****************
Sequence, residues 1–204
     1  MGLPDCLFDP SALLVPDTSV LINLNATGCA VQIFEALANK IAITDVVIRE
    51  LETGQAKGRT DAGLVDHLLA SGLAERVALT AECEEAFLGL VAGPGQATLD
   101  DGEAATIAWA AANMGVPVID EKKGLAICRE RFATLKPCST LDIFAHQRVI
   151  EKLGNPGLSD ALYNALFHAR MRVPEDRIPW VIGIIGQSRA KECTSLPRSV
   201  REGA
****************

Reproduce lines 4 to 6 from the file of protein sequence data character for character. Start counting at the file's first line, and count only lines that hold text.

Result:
   101  DGEAATIAWA AANMGVPVID EKKGLAICRE RFATLKPCST LDIFAHQRVI
   151  EKLGNPGLSD ALYNALFHAR MRVPEDRIPW VIGIIGQSRA KECTSLPRSV
   201  REGA